Santander US provides post-Hurricane Irma relief
Santander U.S. announced it has taken immediate steps to assist customers affected by Hurricane Irma, pledging $100,000 to aid relief organizations.
The bank has activated assistance programs to help affected customers living in disaster zip codes identified by the Federal Emergency Management Agency.
The monetary donation will be divided between the Miami Foundation, Habitat for Humanity Puerto Rico and the American Red Cross chapter in Puerto Rico. Santander is also matching employee contributions to nonprofit organizations aiding in the recovery efforts.
“Once again a hurricane has turned the lives of so many people upside down,” said Scott Powell, president of Santander U.S. “We want those directly impacted by Hurricane Irma to be safe and we will assist them as they work to move forward from this significant natural disaster.”
Santander U.S.’s Dallas-based auto finance company, Santander Consumer USA Holdings Inc. has suspended loan collection and automotive repossession activities in the affected areas, and is offering temporary loan assistance to customers in the form of loan modifications and suspended late fees.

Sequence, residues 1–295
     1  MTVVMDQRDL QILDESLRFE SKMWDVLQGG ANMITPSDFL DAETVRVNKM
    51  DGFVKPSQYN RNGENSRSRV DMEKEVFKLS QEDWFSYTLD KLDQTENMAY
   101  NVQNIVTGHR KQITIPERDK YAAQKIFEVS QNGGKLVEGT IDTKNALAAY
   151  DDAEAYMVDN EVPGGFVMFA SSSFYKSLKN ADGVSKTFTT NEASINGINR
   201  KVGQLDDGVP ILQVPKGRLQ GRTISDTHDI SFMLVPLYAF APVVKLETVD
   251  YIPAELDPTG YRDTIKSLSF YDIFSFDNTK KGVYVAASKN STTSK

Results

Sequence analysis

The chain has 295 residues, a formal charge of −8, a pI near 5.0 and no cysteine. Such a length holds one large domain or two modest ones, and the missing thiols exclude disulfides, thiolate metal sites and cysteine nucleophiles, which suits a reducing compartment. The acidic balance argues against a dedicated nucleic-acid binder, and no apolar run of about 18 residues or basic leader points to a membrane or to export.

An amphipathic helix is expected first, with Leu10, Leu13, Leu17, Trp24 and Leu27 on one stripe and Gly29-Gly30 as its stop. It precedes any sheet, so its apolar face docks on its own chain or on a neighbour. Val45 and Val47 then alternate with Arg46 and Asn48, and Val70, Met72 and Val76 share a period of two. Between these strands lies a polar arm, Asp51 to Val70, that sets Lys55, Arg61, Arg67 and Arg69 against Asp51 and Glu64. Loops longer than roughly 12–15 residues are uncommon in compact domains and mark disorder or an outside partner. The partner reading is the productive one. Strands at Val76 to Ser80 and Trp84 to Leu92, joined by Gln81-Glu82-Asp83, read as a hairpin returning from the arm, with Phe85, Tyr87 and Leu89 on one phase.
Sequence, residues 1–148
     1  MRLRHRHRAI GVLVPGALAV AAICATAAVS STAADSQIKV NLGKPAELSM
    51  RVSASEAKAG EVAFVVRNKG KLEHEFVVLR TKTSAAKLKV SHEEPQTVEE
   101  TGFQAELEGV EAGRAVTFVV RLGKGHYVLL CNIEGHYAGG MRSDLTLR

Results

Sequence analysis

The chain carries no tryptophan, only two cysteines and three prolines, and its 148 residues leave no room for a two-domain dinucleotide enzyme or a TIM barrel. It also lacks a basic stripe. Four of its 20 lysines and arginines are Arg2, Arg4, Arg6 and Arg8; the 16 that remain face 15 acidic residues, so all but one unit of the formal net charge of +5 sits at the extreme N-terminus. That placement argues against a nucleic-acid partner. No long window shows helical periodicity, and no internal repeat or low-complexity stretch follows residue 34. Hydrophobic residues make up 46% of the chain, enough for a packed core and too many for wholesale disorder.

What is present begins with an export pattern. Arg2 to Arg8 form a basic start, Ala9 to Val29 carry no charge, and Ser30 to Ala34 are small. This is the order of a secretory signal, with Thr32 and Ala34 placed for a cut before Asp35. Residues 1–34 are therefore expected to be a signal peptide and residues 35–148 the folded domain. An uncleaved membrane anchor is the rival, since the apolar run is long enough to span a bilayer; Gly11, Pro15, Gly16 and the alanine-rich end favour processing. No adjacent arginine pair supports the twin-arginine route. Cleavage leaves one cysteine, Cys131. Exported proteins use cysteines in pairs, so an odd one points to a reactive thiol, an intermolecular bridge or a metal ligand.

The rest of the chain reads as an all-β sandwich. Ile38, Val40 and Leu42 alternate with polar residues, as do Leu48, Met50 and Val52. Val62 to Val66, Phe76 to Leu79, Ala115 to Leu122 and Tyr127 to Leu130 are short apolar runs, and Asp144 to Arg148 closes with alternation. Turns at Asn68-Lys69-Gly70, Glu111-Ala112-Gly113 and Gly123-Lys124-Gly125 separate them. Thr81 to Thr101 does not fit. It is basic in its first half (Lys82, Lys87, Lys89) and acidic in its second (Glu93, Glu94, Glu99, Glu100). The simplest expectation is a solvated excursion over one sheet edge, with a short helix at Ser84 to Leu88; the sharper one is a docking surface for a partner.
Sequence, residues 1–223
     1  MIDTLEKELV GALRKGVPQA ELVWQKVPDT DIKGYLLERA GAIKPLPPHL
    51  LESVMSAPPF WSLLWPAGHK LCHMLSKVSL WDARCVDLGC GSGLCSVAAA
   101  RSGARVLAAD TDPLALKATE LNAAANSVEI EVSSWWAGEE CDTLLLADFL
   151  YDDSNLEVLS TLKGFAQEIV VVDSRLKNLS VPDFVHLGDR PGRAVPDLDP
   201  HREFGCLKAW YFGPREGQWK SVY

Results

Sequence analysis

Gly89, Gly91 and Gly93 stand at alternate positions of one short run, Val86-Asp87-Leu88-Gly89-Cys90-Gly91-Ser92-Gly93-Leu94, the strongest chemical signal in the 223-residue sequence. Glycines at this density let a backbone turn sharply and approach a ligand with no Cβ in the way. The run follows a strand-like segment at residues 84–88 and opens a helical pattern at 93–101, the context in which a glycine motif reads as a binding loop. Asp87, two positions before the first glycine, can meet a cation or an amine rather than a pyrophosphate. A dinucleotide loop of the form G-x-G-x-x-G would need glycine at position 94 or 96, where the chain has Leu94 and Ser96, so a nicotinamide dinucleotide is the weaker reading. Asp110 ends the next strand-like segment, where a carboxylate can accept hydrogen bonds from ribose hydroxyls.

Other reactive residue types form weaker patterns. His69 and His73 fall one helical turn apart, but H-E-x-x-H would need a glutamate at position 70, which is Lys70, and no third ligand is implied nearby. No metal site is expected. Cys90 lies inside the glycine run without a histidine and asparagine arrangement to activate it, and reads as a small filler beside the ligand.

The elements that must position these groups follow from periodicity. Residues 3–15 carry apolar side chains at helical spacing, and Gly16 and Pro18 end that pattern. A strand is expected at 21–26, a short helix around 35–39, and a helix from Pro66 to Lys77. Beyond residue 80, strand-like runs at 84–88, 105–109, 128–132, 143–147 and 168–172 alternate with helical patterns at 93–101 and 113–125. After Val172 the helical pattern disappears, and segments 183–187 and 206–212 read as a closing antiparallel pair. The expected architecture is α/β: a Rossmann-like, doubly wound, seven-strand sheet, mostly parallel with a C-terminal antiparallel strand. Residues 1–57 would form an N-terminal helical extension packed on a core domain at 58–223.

As of Sept. 12, 2017, the 16 FEMA-designated affected areas account for approximately 5 percent of Santander Consumer’s active retail and lease loan balance. That number is subject to increase as FEMA continues to assess damage in the wake of the storm, the bank said.
Santander Bank is offering immediate assistance to its retail, small business and commercial customers to include temporarily-reduced interest rates, temporarily-suspended late fees, loan modifications and the suspension of collection calls and auto repossessions.
Banco Santander Puerto Rico will waive any late fees incurred Sept. 5-11, 2017, including fees for any transactions conducted by telephone with a banking customer representative until Sept. 15, 2017.
The bank is also working closely with its construction industry customers and partners to assist them during Puerto Rico’s recovery, the bank said.